Mitt Romney has been duly criticized for what we'll call "The 47 Percent Remark," his dismissive distancing of himself from close to half of the American people, who, he says, "are dependent upon government, who believe they are victims, who believe that government has a responsibility to take care of them. ..."
Plenty of commentators have already pointed out how wrongheaded this statement is, in tone, in fact and in spirit. Meanwhile, Romney's apologists struggle with the impossible task of finding a way to make his infelicitous remark reasonably palatable.
I was thinking about this episode a few days ago while I was watching my freshman composition students write in class, hovering over their keyboards in a serious attempt to execute the mysterious and ancient art of writing. As a rule, I don't know much about the personal lives of most of my students. And I'm reluctant to make the same mistake that Romney did, which is to stereotype people about whom I know very little.
But I have a feeling that some of these students are just the sort of people that Romney had in mind when he conceded the votes of one out of every two Americans who, he believes, have already grown so dependent upon the government that they expect it to fulfill their every need.
I imagine that it's been a while since Mitt Romney has had much to do with people like my students. After all, I teach at a community college in South Texas. Almost 60 percent of its students are Hispanic or black; only 30 percent are white. Even though the college works hard to keep its tuition affordable, of its 12,000 students, 64 percent receive some sort of financial aid, including more than $20 million in Pell grants.
Furthermore, some of my students -- especially the single mothers -- benefit from food stamps and other forms of government assistance. And, no doubt, some of them draw unemployment. A few of the older ones are living on a government pension or Social Security, and I suspect that some of my students or their families didn't pay any income tax last year.
I'm not sure if Mitt Romney would call all of these people "freeloaders," ''takers" rather than "makers." But I know that they don't think of themselves that way. In fact, about 70 percent of them attend college part time because they're working, some of them 40 hours per week or more.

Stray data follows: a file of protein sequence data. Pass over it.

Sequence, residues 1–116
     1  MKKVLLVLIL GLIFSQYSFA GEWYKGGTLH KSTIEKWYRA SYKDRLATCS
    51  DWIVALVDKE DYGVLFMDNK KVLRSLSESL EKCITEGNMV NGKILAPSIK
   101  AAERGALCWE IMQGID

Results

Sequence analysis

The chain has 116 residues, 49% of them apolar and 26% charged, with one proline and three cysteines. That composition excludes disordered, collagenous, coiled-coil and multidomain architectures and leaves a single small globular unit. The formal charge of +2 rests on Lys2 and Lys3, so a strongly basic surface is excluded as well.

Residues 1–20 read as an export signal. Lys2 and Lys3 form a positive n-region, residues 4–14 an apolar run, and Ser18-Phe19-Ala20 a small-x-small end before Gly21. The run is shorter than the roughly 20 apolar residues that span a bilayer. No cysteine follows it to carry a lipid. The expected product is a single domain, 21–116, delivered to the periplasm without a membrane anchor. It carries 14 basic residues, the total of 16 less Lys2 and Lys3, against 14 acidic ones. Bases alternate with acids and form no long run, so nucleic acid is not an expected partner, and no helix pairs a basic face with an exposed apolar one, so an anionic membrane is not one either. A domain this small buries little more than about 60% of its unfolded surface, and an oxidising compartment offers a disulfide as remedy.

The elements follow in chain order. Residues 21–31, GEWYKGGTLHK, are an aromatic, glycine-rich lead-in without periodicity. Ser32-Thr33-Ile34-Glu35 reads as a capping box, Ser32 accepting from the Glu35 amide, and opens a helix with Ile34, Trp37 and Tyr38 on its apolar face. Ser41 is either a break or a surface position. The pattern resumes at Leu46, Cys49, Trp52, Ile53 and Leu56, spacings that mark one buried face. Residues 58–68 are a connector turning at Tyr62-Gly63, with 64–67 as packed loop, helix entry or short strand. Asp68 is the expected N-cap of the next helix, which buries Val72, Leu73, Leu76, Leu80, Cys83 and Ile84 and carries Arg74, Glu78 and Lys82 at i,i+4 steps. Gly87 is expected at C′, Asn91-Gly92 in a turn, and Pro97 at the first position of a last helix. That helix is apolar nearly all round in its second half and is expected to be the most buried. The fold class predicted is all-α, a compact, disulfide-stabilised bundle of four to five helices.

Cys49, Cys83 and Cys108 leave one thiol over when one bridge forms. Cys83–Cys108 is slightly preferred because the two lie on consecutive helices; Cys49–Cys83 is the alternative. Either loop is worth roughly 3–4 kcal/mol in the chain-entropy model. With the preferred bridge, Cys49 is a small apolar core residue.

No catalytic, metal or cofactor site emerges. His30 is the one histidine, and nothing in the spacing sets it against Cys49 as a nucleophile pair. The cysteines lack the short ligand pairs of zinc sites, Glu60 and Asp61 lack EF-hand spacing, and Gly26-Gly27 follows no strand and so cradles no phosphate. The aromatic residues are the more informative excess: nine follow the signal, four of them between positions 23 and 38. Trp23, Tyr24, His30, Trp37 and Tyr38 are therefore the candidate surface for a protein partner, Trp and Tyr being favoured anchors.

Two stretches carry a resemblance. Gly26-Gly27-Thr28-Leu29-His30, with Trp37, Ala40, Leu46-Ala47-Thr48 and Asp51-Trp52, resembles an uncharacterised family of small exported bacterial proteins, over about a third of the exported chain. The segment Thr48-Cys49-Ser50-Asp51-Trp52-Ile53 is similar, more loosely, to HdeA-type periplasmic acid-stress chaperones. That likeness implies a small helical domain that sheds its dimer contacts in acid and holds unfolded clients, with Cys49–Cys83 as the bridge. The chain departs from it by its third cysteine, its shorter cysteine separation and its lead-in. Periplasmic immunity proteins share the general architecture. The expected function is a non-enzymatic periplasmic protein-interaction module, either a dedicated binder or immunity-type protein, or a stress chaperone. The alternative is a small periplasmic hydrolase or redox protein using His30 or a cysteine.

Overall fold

One strapping fellow missed a class last week to work a couple of long shifts in the oil field. And sometimes my students come to class exhausted after an all-nighter behind the counter of a convenience store. With job, family and school, many of my students work very hard.
Of course, the fact that these students are in college implies that they have more innate initiative and responsibility than Romney appears to be willing to grant to the rest of the 47 percent, the ones who lounge in the safety net that has turned into a hammock.
Perhaps. But the idea that the safety net was ever sumptuous enough to attract many Americans to luxuriate in it is dubious. The really hard labor in our culture has always been done by Hispanics, blacks, other minorities and poor whites. And they've always aspired to something better -- if not for themselves, for their children.
Sometimes our culture encourages this sort of aspiration -- certainly, at least, with lip service. But at other times, subtle mechanisms work to keep people in their places.
One of those mechanisms is the myth of the inherent laziness of the poor and non-white, a fabrication essential to the maintenance of the status quo and so pervasive that sometimes even the poor and non-white begin to believe it.
This myth -- tidy, convenient and sweet to the ears of his $50,000-per-plate donors -- helps explain Mitt Romney's casual indifference to nearly half of all Americans.
(John Crisp teaches in the English Department at Del Mar College in Corpus Christi, Texas.)